- Is there really a growing moralization of markets today?
- To what extent are current forms of moral struggles on markets part of a long-term process of capitalist dynamics?
Comparative perspectives can further shed light on the moral embeddedness of markets. On the one hand, through cross-market comparisons of moral struggles and processes of market moralization:
- Are there certain markets that are more likely to become “moralized”, and if so, why?
- What moral issues are addressed on what kind of markets and in which countries?
- Do moral struggles “travel” from one market to another, from one country to another, and if so, how?
A global perspective on processes of market moralization, on the other hand, could address broader consequences of market moralization by asking questions such as
- How do moral struggles play out along transnational supply chains? For instance, how do social business initiatives handle moral critiques in developing countries?
- When do social ventures internationalize and which moral struggles do they face?
- How do processes of market moralization affect global inequalities between the West and the global South, between consumers and workers?
- When do these processes reinforce inequalities?
3. Morality as a category of analysis
Third, we also aim to encourage contributions that take a self-reflexive perspective on the category of morality as such. As this workshop and a number of other recent events show, more and more scholars study the question of morality in business and markets. In parallel, a renewal of the sociology of morality is now well under way (e.g., Abend 2014; Hitlin/Vaisey 2010; Farrell 2015). Studying “morals and markets” contributes to this broader knowledge on morality, by analyzing morality “in the wild” (Hitlin/Vaisey 2010). But studying the relation between morality and the economy should also lead us to raise the underlying questions about morality as a category of practice and as a category of scientific inquiry.
- How do different authors use the term morality and morals, what different theoretical perspectives are there?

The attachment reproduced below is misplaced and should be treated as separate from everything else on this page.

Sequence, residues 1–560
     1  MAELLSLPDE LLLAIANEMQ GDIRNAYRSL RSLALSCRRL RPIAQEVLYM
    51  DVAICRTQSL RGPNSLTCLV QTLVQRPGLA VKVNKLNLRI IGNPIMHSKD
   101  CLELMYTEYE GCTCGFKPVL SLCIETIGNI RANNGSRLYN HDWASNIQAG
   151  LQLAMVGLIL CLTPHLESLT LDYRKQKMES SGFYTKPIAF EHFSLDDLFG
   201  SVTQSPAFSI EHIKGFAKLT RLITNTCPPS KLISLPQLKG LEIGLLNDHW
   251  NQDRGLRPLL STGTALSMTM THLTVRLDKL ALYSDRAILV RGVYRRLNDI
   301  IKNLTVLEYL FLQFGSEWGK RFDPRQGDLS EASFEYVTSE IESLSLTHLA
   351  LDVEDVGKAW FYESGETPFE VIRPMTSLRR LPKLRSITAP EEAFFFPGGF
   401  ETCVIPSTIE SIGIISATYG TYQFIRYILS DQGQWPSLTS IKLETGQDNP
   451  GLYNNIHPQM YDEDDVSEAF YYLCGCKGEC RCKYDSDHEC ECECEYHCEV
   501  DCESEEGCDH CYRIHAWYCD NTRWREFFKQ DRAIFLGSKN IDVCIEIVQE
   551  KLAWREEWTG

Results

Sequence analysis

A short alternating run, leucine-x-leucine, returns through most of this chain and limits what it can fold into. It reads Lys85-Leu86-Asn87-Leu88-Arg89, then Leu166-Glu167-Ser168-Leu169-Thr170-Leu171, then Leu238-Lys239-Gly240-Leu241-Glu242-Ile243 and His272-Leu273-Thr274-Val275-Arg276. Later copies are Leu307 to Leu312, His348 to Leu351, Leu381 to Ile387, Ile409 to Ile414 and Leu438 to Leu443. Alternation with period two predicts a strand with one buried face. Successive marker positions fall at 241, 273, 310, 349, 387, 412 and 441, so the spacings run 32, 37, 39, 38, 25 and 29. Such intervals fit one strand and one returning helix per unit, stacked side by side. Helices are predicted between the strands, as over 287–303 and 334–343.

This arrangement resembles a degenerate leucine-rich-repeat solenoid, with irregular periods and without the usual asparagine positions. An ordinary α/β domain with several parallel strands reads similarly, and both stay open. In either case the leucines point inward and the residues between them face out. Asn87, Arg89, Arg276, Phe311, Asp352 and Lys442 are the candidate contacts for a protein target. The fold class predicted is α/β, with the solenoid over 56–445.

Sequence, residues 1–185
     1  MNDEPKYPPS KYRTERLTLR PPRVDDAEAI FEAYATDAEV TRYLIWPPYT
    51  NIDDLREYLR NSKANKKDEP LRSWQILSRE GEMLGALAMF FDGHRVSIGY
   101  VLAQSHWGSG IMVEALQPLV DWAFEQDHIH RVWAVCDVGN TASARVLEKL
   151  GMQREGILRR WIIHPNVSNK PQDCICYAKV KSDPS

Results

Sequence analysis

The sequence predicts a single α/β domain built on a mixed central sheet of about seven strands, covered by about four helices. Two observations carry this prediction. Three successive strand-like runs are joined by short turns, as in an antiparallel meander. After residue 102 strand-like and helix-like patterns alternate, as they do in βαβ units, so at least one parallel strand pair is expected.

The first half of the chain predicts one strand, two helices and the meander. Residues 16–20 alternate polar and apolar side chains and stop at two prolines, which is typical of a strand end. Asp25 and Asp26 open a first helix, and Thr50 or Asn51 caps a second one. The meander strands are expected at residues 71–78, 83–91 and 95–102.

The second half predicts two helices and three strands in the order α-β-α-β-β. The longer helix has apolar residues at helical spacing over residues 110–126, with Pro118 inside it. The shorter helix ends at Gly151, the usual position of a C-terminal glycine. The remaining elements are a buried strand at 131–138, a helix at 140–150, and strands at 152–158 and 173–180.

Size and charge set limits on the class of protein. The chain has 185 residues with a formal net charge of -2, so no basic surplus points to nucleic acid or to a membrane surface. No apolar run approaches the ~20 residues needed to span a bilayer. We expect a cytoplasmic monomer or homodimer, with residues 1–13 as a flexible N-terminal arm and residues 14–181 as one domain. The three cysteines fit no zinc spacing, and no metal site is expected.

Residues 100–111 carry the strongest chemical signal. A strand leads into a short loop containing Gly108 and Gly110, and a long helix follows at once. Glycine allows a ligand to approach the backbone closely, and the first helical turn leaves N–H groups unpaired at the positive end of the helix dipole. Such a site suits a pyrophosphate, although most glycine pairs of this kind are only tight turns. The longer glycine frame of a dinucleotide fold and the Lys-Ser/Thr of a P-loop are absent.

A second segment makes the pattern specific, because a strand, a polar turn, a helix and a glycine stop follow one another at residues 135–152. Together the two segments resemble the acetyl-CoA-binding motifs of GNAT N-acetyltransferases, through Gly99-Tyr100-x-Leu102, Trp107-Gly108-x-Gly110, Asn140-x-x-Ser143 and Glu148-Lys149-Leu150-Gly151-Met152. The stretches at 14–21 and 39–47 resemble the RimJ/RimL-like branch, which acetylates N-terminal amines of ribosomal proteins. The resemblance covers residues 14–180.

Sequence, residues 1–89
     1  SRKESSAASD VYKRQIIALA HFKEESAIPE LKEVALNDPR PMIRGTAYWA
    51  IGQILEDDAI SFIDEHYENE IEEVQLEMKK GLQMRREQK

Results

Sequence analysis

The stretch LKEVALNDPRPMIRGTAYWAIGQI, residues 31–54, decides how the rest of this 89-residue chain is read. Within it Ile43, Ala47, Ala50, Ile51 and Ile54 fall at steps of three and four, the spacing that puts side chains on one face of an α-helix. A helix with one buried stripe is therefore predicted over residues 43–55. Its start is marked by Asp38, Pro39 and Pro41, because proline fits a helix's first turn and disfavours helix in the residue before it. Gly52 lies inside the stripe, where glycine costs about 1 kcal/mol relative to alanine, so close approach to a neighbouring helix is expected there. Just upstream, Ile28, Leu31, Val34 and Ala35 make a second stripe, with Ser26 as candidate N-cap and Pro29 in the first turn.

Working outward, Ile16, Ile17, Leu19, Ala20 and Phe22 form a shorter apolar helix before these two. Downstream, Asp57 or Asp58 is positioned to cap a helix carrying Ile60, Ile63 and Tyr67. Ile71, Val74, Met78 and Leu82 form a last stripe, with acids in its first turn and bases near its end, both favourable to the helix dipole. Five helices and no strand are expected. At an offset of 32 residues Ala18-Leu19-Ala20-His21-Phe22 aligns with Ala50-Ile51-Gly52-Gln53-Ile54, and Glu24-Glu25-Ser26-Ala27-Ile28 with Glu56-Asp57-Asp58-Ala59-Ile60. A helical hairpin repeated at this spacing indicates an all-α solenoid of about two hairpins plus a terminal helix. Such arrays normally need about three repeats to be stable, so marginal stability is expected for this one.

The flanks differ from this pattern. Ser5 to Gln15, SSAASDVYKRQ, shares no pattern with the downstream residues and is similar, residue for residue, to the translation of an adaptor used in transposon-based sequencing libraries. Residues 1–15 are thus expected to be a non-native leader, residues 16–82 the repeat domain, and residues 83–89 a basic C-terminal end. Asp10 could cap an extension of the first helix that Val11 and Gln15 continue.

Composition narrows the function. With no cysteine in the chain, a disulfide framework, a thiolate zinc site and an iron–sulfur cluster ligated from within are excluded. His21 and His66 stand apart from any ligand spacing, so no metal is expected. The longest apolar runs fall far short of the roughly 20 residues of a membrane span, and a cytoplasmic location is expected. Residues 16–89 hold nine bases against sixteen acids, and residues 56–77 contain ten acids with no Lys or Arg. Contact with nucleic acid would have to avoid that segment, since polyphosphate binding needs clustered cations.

- How do actors use morality as a category of practice?
- What actions and discourses count as moral, and which ones don’t?
- What is the specificity of moral embeddedness of markets?
- What are the frontiers between morals and politics?
- How does a moral critique work and what distinguishes it from a social or political critique?
The workshop will take place at the University of Neuchâtel, Switzerland, Institute of Sociology, on November 11–12, 2016.
The deadline for all abstract submissions (max 500 words) is April 30, 2016. Submissions should be sent to firstname.lastname@example.org and email@example.com. Applicants will be informed on the outcome by e-mail no later than May 30, 2016. Final papers should be sent by October 15, 2016.
Abend, Gabriel, 2014: The Moral Background: An Inquiry into the History of Business Ethics. Princeton, NJ: Princeton University Press.
Farrell, Justin, 2015: The Battle for Yellowstone: Morality and the Sacred Roots of Environmental Conflict. Princeton: Princeton University Press.
Fourcade, Marion, 2013: The Economy as a Morality Play, and Implications for the Eurozone Crisis. In: Socio-Economic Review 11(3), 620–627.
Fourcade, Martion/Kieran Healy, 2007: Moral Views of Market Society. In: Annual Review of Sociology 33, 285–311.
Healy, Kieran, 2006: Last Best Gift: Altruism and the Market for Human Blood and Organs. Chicago: Chicago University Press.
Hitlin, Steven/Stephen Vaisey (eds.), 2010: Handbook of the Sociology of Morality. New York: Springer.
Sandel, Michael J., 2012: What Money Can’t Buy: The Moral Limits of Markets. New York: Farrar, Straus and Giroux.
Vergne, Jean-Philippe, 2012: Stigmatized Categories and Public Disapproval of Organizations: A Mixed-Methods Study of the Global Arms Industry, 1996–2007. In: Academy of Management Journal 55(5), 1027–1052.
Zelizer, Viviana A., 2011: Economic Lives: How Culture Shapes the Economy. Princeton: Princeton University Press.